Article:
Guild of Book Workers Newsletter
Number 107
August 1996


During a recent trip which included Florence, Italy, I had the pleasure of meeting with Mr. Enrico Giannini, one of a trio of brothers who own and operate Giulio Giannini e Figlio, a bookbindery/marbling studio/stationery store in Florence. I thought our readers might be interested in a little profile of this Italian establishment.

Giulio Giannini e Figlio is a 5th generation establishment, began in 1856 by Pietro Giannini and operated today by the brothers Enrico, Guido and Gabriele Giannini plus various sons, daughters, nieces and nephews. The bindery and store have occupied the same location since its inception, in ever expanding and interconnecting spaces, some sections of which are over 600 years old! One section of the premises has an original tower wall constructed on the site in the 1300's; another room had to have its floor raised three feet when the modern thoroughfare was built in front of their establishment. A small but lovely 'museum' upstairs displays the family treasures: bookbinding presses, ploughs, tools and other equipment dating from the 1500 and 1600's, and thousands of decorative brass hand tools, rolls and pallets.

At its inception, the Giannini firm was a bindery specializing in 'commercial' binding: account books, ledgers and the like. During the late 1800's and early 1900's they also developed a devoted clientele of well heeled book lovers who appreciated fine and design bindings and highly decorated photo albums; for many decades they enjoyed this mix of both commercial and fine binding. Enrico's father Giulio Giannini II created gorgeous inlaid leather designs. But war time left little money for the lush leather bindings they had come to be known for so the family began looking for creative ways to reduce the cost of the materials yet still produce a well bound, structurally sound book; they began to print decorated papers from woodblock designs and turned part of their attention to marbling paper. Their marbling became highly skilled, their patterns recognized around the world. Marbling became a passion for Enrico (his marbled 'Tuscan Landscape' is breathtaking!) and eventually spilled over into marbled objects: desk accessories, boxes, book ends and so much more. During the last 30 years the Giannini firm has flourished in this field, combining a highly skilled hand craft with contemporary products. In fact, several people have told me that the Giannini firm is greatly responsible for popularizing the 'Florentine' style of binding and the marbled designs that have prevailed during the last few decades. Mr. Enrico Giannini takes great pride in their unique role in creating the 'marbled object'.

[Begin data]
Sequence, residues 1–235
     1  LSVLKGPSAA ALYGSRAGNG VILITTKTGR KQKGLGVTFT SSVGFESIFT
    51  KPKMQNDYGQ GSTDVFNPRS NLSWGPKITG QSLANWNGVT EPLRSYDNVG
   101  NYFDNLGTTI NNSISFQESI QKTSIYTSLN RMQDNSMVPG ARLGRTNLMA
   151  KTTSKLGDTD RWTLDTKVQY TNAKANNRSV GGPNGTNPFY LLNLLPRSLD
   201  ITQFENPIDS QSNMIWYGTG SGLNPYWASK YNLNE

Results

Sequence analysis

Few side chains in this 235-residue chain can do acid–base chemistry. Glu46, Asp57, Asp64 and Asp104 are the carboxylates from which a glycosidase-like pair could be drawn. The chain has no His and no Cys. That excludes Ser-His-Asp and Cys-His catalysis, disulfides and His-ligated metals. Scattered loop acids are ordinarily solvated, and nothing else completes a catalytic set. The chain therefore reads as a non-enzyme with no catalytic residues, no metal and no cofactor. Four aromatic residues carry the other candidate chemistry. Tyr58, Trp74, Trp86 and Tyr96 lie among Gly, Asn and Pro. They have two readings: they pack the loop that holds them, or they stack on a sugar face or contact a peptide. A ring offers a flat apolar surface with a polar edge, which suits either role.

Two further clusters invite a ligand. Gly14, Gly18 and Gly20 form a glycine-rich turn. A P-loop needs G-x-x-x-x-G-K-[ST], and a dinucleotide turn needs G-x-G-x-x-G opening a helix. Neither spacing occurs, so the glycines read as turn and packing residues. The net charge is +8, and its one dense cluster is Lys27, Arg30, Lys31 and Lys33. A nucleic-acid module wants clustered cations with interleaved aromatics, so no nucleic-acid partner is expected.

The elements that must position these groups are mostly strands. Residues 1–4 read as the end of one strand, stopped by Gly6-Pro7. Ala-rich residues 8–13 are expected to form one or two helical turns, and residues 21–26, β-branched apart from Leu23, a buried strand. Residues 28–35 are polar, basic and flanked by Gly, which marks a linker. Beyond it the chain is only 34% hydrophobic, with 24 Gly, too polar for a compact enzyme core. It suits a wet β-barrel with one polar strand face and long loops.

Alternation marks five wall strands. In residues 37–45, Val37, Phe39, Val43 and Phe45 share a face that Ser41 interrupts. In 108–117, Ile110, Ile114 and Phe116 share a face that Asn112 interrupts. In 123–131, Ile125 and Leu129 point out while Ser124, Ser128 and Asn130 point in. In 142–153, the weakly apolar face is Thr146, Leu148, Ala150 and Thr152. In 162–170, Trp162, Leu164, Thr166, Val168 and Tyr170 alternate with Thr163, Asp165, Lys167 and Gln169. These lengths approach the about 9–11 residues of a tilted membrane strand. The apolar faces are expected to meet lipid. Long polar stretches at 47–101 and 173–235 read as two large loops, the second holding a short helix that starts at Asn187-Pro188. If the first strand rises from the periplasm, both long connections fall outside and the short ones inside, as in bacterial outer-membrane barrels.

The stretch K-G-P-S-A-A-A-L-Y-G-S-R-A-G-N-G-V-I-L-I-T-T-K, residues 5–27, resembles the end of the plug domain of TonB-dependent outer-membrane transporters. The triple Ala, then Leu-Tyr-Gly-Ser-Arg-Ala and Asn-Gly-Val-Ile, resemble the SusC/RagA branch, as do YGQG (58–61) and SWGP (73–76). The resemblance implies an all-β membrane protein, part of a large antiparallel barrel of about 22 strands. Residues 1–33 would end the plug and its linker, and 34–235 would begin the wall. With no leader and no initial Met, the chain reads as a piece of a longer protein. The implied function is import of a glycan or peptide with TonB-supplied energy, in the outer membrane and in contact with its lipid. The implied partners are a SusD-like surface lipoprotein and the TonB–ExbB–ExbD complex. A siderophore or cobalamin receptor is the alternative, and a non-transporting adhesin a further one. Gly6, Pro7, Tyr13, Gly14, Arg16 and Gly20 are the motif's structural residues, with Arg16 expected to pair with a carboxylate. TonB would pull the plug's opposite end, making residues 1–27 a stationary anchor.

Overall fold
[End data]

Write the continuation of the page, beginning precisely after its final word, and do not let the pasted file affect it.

Today, the Giannini's continue their fine binding, probably on a smaller scale than they would have liked, but their marbled papers, books, diaries, desk accessories and marbled objects are in great demand: I was surprised to learn that among their clients are companies the likes of Neiman Marcus, Bergdorf Goodman and Barneys New York. A Washington State paper company featured Giannini in a lush promotional catalog. Their work has been collected and even exhibited around the world: hundreds of examples of their work were exhibited at La Nuova Strozzina, Pallazzo Strozzi in Florence in 1986, and I had a chance to see first hand a few of their most beautiful bindings which had just been returned from an exhibit in Japan.

One item I just couldn't pass up was the purchase of a blank book quarter bound in leather and scraps of antique ledger pages, beautifully calligraphed, salvaged from the ravages of the famous Florence flood: the company had begged, bought and bartered for numerous tomes that were too badly damaged or too costly to repair (mostly ledgers, ancient company record books, etc.) and then removed and cleaned a few salvageable pages here and there from each volume of 'useless' rubble, which now grace the covers of some of their loveliest books. Enrico Giannini was a gracious and enthusiastic host, and I encourage anyone who has an opportunity to visit Florence to stop in their shop at Piazza Pitti, 37r, Florence, right near the Pitti Palace. He comes to the U.S. (usually Florida and New Orleans) at least once a year, and I hope someday to have him give a slide presentation of their work.